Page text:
Solar energy can make American armed forces more mobile and independent from traditional sources of energy. It means that they can act in more safe conditions, which is one of the most important features for success.
Powering modern warfare is an aspect of defense funding that not many Americans think about on a daily basis. How do you keep communications equipment and tactical devices running in the field? How do you deal with transporting batteries, generators, and enough fuel to run an entire mission off base? A recent article by Brian Robinson in Defense Systems highlights a new technology that will give Marines stationed in war zones in Afghanistan and Iraq a whole new way to keep powered up on the move.
The Ground Renewable Expeditionary Energy System (Greens) uses arrays of solar panels and rechargeable batteries to provide an average continuous output of 300 watts, enough to power most of the essential communications and targeting electronics that Marine forces would need in remote locations. It can provide as much as 1,000 watts of power.
While Marines will benefit from this new solar technology, the Navy is actually developing it. The Navy signed a memorandum of understanding with the Department of Agriculture last month to start working on renewable energy and biofuels technology. Strategically, U.S. armed forces would like to be as independent as possible, for obvious reasons; and by 2020, “at least 40 percent of the Navy’s total energy consumption should be from alternative sources”, said Navy Secretary Ray Mabus.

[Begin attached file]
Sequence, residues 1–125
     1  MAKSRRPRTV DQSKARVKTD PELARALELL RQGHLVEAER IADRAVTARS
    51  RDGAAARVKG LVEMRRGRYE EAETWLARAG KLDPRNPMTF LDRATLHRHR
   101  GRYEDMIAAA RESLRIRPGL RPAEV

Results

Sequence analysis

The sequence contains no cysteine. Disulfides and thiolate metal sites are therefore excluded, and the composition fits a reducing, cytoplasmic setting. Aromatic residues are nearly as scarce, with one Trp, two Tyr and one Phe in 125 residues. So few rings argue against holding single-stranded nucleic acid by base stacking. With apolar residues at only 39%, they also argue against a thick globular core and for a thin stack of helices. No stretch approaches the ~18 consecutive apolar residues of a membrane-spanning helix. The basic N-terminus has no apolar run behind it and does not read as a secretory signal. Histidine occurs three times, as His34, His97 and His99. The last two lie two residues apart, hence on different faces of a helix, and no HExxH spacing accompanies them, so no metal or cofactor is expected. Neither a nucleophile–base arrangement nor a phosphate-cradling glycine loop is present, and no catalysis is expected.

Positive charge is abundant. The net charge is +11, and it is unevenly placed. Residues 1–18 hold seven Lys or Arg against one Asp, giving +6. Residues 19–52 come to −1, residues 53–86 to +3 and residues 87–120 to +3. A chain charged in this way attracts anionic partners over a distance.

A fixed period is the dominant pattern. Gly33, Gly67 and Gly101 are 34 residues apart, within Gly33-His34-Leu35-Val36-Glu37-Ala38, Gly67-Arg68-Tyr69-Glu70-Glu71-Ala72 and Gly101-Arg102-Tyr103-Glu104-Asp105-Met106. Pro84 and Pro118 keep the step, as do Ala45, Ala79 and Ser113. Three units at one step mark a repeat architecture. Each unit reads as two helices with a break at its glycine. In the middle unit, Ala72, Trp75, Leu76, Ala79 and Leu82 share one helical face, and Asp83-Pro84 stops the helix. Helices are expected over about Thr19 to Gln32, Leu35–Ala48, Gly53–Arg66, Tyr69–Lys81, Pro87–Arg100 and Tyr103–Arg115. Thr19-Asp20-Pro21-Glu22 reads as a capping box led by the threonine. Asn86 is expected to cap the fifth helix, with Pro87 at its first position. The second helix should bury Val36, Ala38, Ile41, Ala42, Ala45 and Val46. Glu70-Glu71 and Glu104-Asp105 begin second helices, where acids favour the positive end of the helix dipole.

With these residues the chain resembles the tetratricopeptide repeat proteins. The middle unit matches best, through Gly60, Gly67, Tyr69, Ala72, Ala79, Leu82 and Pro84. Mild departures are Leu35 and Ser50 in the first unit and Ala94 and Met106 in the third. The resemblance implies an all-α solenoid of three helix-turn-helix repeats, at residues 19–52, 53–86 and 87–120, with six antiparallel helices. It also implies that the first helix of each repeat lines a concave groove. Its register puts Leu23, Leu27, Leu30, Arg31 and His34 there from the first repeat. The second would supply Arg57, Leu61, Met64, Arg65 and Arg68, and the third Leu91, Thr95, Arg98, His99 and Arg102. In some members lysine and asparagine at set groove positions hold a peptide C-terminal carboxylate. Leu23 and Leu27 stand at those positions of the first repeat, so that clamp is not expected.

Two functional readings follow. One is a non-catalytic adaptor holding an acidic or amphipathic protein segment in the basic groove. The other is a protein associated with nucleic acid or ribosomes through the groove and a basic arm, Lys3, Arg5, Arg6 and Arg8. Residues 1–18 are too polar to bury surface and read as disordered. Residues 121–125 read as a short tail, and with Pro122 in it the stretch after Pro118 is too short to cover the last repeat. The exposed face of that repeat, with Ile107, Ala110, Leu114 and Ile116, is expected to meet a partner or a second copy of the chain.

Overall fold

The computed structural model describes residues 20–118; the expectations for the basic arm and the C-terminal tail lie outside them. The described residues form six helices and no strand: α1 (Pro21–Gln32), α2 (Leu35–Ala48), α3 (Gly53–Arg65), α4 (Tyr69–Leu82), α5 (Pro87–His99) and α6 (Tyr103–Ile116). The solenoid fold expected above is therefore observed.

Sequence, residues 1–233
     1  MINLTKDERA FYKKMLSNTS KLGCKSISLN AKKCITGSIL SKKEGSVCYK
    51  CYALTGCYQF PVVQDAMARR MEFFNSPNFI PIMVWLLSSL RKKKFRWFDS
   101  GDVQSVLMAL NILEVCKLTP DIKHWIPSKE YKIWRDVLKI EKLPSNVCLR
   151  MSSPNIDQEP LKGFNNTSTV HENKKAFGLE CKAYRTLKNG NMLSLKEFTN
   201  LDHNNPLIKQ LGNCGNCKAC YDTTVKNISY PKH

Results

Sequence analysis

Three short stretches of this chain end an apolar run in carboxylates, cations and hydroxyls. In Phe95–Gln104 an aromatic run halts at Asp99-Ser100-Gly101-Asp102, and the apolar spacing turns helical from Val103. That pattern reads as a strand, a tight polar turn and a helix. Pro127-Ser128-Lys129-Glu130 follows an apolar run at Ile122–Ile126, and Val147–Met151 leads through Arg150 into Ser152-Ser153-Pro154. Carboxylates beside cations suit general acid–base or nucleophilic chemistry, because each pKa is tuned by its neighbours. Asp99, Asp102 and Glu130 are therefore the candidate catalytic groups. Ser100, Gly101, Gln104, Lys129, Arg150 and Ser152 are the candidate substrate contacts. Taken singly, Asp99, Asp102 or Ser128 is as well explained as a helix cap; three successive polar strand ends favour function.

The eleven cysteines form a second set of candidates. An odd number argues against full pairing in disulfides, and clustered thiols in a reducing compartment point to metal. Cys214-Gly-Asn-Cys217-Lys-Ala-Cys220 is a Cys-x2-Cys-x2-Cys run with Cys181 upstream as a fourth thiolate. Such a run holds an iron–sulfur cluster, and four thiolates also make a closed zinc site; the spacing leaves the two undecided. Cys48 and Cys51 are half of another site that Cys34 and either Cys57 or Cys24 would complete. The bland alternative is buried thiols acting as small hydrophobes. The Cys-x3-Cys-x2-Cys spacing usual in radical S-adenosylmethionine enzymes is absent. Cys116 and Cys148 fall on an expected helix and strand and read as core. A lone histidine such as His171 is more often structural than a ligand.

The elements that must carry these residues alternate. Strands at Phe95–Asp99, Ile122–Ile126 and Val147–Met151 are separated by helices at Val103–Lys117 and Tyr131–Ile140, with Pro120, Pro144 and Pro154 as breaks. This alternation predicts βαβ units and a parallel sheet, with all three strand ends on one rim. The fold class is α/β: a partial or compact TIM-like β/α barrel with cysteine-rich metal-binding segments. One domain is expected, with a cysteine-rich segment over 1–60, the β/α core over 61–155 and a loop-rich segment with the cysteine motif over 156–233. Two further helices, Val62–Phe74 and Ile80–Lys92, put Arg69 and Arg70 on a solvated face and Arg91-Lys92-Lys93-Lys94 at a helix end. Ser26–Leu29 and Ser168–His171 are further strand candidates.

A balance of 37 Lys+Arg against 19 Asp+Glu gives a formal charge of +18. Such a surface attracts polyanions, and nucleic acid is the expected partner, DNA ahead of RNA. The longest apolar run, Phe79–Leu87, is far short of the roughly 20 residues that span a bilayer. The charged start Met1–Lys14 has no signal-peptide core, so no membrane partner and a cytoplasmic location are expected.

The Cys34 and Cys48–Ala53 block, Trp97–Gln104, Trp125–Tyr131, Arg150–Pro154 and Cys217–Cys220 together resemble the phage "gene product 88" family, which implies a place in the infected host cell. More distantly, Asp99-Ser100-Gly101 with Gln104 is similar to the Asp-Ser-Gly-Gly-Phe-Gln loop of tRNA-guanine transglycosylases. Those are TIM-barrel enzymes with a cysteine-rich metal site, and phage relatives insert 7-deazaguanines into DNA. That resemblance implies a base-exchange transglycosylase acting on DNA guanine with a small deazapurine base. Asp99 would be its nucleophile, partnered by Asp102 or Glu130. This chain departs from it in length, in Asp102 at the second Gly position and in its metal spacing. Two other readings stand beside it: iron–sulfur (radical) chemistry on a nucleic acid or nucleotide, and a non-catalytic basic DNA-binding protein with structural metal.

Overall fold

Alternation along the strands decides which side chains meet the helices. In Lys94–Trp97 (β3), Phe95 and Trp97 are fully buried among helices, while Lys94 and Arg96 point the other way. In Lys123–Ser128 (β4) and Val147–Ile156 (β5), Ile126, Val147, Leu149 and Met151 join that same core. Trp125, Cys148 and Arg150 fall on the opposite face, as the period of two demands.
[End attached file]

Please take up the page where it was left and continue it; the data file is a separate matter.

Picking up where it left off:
Isn’t a kit of solar panels and batteries just as awkward logistically to move around as generators? No, says the Office of Naval Research. And not all of a GREENS kit needs to go on each mission. “The GREENS toolkit feature allows Marines to enter their expected mission profile and determine which components of the GREENS system they will need to take with them. GREENS can be rapidly deployed and is HMMWV transportable.”
No new technology is perfect. Solar cells are less efficient at high temperatures, and GREENS can only produce about 85 percent of its 300 continuous watts at temperatures higher than 116 Fahrenheit. However, over the next two years, the Navy hopes to have the system operating at 100 percent capacity under any conditions. As in many other arenas of technology–communications, most notably–military and defense R&D may actually drive advances in the field at large. Improving efficiency is one half of the solar industry’s two main goals right now; the other is driving down cost.
Transporting fuel in Afghanistan and Iraq along some of the riskier routes can raise fuel costs from a regular price of $1 per gallon to about $400, Marine Corps Commandant Gen. James Conway told a recent Navy energy forum. If an airlift is necessary, the price can reach $1,000.
Renewable energy in the military isn’t just showing up in products for deployed forces, either. Just to name a few other projects: a Marine Corps base in Georgia is working on a 2 MW power waste-to-energy power plant; the largest Marine base in the country, California’s 29 Palms, has had a 1,291 kw solar panel array providing power since 2003 (a BP Solar installation); the Miramar, CA Marine Air Station will be using solar carports by this spring; and just days ago,the Department of Defense awarded a total of $100,000,000 in PPA-funded renewable energy contracts (including solar).